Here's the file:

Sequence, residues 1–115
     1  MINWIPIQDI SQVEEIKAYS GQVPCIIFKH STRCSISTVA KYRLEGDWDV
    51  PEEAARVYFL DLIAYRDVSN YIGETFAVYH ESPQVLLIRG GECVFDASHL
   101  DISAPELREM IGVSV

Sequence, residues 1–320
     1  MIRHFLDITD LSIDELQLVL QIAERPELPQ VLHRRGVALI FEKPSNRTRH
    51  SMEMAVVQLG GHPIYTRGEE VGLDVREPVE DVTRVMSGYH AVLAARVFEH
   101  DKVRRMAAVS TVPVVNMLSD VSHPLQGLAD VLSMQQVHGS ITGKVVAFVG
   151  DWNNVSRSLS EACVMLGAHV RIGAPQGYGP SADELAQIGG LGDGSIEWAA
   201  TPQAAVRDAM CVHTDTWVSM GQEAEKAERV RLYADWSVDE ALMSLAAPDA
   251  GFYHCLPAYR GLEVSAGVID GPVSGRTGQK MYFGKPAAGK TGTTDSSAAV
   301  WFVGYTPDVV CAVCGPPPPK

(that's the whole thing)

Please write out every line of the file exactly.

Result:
Sequence, residues 1–115
     1  MINWIPIQDI SQVEEIKAYS GQVPCIIFKH STRCSISTVA KYRLEGDWDV
    51  PEEAARVYFL DLIAYRDVSN YIGETFAVYH ESPQVLLIRG GECVFDASHL
   101  DISAPELREM IGVSV

Sequence, residues 1–320
     1  MIRHFLDITD LSIDELQLVL QIAERPELPQ VLHRRGVALI FEKPSNRTRH
    51  SMEMAVVQLG GHPIYTRGEE VGLDVREPVE DVTRVMSGYH AVLAARVFEH
   101  DKVRRMAAVS TVPVVNMLSD VSHPLQGLAD VLSMQQVHGS ITGKVVAFVG
   151  DWNNVSRSLS EACVMLGAHV RIGAPQGYGP SADELAQIGG LGDGSIEWAA
   201  TPQAAVRDAM CVHTDTWVSM GQEAEKAERV RLYADWSVDE ALMSLAAPDA
   251  GFYHCLPAYR GLEVSAGVID GPVSGRTGQK MYFGKPAAGK TGTTDSSAAV
   301  WFVGYTPDVV CAVCGPPPPK